The Code was promulgated at a state council on 21 May 1349 in Skopje, the capital of the Serbian Empire. The foreword is as follows: “We enact this Law by our Orthodox Synod, by His Holiness the Patriarch Kir Joanikije together with all the Archbishops and Clergy, small and great, and by me, the true-believing Emperor Stefan, and all the Lords, small and great, of this our Empire”. In the Charter, which accompanied the Code, it said: “It is my desire to enact certain virtues and truest of laws of the Orthodox faith to be adhered to and observed”.[2] Emperor Dušan added a series of articles to it in 1353 or 1354, at a council in Serres.[3] This second part was half the size and at times cited issues from the first part, referring it to the “first Code”.[2]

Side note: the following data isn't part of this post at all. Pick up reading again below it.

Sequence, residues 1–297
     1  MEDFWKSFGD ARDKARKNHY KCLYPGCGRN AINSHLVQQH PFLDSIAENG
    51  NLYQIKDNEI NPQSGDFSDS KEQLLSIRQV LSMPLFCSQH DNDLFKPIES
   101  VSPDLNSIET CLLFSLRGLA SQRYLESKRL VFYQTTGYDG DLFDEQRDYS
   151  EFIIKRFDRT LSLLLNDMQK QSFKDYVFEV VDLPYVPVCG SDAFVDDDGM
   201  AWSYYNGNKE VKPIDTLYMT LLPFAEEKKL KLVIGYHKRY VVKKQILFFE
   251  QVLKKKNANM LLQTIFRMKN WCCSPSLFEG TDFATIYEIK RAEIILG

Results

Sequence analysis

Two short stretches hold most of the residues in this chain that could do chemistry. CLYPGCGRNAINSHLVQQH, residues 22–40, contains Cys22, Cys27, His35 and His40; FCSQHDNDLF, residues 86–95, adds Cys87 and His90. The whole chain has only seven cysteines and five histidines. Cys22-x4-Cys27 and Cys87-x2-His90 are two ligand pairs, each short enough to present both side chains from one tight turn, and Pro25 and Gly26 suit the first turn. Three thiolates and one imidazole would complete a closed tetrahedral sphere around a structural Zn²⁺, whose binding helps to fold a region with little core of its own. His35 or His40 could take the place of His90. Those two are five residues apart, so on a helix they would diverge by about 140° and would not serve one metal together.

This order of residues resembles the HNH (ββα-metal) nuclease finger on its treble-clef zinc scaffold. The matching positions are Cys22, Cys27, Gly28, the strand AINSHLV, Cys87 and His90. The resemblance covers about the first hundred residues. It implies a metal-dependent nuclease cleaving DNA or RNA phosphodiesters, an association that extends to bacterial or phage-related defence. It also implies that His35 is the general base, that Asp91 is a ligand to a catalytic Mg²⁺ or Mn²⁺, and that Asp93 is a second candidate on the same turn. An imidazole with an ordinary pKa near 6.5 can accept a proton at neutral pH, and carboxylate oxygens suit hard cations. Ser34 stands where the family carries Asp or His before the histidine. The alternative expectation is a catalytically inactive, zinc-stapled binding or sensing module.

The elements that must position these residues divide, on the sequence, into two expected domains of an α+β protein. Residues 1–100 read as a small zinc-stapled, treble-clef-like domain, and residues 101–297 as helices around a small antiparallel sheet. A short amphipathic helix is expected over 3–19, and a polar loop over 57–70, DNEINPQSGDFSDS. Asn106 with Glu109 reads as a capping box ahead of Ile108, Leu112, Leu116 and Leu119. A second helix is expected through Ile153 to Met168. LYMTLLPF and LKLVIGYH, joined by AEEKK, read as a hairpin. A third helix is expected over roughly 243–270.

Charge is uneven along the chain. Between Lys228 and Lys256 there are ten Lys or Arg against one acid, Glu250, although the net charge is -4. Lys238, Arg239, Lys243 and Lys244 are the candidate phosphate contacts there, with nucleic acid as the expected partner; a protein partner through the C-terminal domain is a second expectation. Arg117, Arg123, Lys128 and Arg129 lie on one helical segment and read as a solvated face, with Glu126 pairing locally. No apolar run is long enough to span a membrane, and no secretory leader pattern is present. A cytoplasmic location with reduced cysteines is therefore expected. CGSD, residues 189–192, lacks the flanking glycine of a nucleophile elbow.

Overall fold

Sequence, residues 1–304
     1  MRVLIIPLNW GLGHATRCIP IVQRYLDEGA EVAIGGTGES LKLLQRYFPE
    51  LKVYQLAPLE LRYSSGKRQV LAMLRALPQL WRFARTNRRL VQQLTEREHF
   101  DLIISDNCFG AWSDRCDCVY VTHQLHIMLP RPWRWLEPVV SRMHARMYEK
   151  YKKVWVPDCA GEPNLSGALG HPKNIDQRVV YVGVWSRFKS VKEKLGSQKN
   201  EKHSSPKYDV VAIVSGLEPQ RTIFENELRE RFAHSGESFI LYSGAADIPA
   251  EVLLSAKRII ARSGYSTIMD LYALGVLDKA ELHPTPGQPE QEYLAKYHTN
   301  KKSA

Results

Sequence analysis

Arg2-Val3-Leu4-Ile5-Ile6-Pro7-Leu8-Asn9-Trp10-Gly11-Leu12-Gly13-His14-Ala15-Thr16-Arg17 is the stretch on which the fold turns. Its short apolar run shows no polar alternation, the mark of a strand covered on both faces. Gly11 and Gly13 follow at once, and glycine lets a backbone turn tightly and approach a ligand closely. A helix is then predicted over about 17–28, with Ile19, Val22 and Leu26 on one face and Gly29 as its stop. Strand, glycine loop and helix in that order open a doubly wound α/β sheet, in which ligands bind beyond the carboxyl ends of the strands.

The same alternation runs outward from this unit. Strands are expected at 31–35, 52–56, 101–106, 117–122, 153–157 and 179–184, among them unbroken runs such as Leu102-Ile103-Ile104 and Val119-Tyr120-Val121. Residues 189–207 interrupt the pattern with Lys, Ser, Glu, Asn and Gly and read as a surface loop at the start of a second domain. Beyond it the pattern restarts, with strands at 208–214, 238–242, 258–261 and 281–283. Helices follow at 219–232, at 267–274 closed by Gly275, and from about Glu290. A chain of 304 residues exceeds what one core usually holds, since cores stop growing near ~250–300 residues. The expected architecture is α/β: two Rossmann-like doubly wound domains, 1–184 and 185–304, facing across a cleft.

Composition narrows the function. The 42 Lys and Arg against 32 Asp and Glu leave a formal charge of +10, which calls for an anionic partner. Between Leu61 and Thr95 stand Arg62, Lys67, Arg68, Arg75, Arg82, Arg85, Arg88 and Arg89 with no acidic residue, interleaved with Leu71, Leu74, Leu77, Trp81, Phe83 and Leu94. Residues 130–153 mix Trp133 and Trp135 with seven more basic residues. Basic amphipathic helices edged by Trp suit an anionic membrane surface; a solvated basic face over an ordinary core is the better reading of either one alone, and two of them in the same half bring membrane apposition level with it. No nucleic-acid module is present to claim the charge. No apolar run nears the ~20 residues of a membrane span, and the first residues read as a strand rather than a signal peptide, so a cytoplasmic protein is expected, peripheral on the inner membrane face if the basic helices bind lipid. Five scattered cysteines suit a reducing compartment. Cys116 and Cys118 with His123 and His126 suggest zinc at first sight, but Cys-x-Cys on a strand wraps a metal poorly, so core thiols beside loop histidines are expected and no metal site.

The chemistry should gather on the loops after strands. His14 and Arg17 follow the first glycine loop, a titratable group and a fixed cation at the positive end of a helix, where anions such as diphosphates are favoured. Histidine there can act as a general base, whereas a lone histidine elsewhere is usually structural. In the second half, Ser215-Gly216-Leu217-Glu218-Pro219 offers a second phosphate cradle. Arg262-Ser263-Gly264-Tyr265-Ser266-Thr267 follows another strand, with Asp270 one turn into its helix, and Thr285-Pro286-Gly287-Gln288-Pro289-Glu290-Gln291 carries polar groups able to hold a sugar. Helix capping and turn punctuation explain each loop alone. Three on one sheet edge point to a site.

It had a total of 201 articles. Four of them (79, 123, 152, 153), regarding various subjects, refers to the authority of the “Law of the Sainted King” (i.e. Stefan Uroš II Milutin of Serbia, r. 1282–1321, Dušan’s grandfather), which suggests that Milutin had issued a code whose text has not survived.[3] Dušan’s Code was thus a supplement to Milutin’s code, as well as a supplement to the various Church law codes that also had authority in Serbia; in particular the Nomocanon of Saint Sava (Zakonopravilo), enacted in 1219 with the establishment of the Serbian Orthodox Church and Serbian Kingdom.[3] The Syntagma Canonum, written in 1335 by Matthew Blastares, had been translated into Serbian and had received legal authority by 1349, and its articles had influenced the text of the Code.[3] Dušan’s Code was heavily influenced by Byzantine law – nearly half of its articles reflect some influence, often modified for Serbia.[3] The code had many articles concerning the Church, which reflects Byzantine Church law; Byzantine civil law codes, especially the late-9th-century compilation by Basil I and Leo VI, also influenced the code.[3] Scholars A. Solovjev and Soulis conclude that the Council of 1349 issued a three-part comprehensive legal document, since most early manuscripts of the Code also contain two other texts: The first part was an abridgement of the Syntagma, the second part was the “Code of Justinian” (an abridgement of The Partner’s Law), and the third part was always Dušan’s Code itself.[3] According to Fine, there is a possibility that the Code was written to supplement the first two parts, by adding items that were not covered, rather than to build a comprehensive legal system.[4]